I’m Changing My Brain in 2019


I’m approaching 2019 differently.

In the past, I’ve made resolutions of grandeur, like the time I ran a half marathon with my sister. While this is something I’m proud of (and will probably never EVER do again) I know that I need more nudging on the everyday stuff, and less future goal-setting. For me, I need to focus on incorporating positivity and gratitude into my life, and I need to do it consistently.

Truth be told, I’m usually pretty skilled at redirecting my children’s negative thoughts and feelings, but not so great at my own on a consistent basis. Therefore, my intention for 2019 is to tackle my cognitive distortions.

Are You Familiar With Cognitive Distortions?

Simply put, they are the ways in which we view or interpret the world in a negative or distorted manner. Psychiatrist Aaron Beck, M.D., who is considered the pioneer of cognitive therapy, developed the theories behind cognitive distortions. His student, psychiatrist and best-selling author David Burns, M.D., expanded upon them with names and examples. You can find his latest book HERE. 

Sidenote: Aaron Beck also wrote a great book on incorporating cognitive therapy into relationship issues, which can be found here on Amazon. 

We all fall victim to cognitive distortions from time to time, but sometimes they can take over and lead to a dark place. Because of this, therapists work with clients to identify and process cognitive distortions in the therapeutic setting in order to pinpoint the stuff that underlies depression, anxiety, etc. 


Here’s A List of Ten Main Cognitive Distortions:

Do You Identify With Any of These?

In my case, all-or-nothing thinking, discounting the positives, and “should statements” all resonate with me too often and too deeply. In light of this, I’m using the new year as an opportunity to take a hard look at how I can spin my mind in self-destructive ways instead of for good. Truly, I want to be one of those people who looks on the sunny side of life…not constantly looking over my shoulder to see if danger is on the horizon.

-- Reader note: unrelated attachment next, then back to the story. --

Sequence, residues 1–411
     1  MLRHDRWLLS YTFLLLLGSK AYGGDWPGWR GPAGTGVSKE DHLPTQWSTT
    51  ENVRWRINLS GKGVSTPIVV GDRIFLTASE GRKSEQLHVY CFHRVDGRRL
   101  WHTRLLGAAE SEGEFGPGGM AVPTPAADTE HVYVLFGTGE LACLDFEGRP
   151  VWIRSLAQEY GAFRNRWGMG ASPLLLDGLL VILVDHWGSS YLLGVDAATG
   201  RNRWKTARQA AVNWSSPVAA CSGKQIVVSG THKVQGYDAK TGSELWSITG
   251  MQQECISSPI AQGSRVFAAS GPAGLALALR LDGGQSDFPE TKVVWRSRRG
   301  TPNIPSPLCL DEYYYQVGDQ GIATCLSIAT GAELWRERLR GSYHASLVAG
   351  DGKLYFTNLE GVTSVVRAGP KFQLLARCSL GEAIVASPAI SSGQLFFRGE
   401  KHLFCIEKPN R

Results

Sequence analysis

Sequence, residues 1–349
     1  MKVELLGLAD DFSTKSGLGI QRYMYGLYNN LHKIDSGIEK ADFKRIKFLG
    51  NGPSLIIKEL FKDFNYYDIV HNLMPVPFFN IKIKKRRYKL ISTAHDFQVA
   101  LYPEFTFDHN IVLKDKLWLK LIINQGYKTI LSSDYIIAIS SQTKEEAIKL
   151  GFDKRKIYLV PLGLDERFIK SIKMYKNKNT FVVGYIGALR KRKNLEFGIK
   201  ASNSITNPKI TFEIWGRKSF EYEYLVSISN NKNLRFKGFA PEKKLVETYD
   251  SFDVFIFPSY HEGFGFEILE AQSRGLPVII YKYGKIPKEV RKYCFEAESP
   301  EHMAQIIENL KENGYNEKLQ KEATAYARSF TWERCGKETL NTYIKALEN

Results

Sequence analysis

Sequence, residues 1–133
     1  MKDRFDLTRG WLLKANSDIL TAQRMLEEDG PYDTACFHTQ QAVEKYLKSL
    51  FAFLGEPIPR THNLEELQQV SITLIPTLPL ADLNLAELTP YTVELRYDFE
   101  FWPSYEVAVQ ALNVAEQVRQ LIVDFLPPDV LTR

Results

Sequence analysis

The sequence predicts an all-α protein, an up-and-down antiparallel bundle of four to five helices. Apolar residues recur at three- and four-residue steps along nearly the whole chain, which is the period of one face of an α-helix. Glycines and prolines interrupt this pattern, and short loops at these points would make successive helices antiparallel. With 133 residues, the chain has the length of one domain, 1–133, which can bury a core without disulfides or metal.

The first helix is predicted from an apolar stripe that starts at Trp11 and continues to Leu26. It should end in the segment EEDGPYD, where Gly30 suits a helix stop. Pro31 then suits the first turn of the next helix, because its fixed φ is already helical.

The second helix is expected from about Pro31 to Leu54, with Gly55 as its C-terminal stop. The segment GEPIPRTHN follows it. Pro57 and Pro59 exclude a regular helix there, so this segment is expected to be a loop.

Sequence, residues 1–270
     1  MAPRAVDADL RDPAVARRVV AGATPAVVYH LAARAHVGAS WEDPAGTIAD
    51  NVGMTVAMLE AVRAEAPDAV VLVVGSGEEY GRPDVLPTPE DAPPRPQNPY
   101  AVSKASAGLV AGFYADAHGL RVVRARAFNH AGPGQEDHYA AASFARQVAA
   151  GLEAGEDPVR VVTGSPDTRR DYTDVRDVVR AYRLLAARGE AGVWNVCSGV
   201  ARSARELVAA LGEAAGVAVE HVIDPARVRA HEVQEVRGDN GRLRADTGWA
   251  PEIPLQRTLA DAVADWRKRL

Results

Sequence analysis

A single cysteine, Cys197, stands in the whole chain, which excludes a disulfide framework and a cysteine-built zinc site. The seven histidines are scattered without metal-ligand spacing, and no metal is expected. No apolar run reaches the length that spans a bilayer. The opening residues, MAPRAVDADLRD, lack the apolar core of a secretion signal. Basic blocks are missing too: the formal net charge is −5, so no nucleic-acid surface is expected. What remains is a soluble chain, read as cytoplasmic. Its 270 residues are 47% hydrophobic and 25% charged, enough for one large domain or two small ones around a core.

Furthermore, Healthy Psych has a really cool series of psychological self-help tools available on their website: https://healthypsych.com/psychology-tools-series/. With this intention, I plan to utilize these to continue to identify and reframe my cognitive distortions, as well as to practice positivity and manage stress.

Although I can’t change who I am on a soul level, I am confident that I can alter the way I view the world for the better.

For more information on cognitive distortions, an in-depth, expanded list can be found on this site. 

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Melissa Mark and her husband Tyler are both Phoenix natives who moved to Flagstaff in 2008. With her Master's degree in Community Counseling, she worked as a therapist in Wickenburg, Phoenix, Scottsdale, and Flagstaff, mostly specializing in eating disorders. They have two boys, Nolan (8) and Landon (6), who keep them equally busy and entertained. Melissa is fascinated by people and loves to learn about different personalities, backgrounds and interests. This could explain her obsession with reality TV (mostly on Bravo), good novels, and talking with friends over a glass of wine. Melissa writes about juggling motherhood, family life, wellness, humor, pop culture, and more on her personal blog: http://ajourneytobalance.com/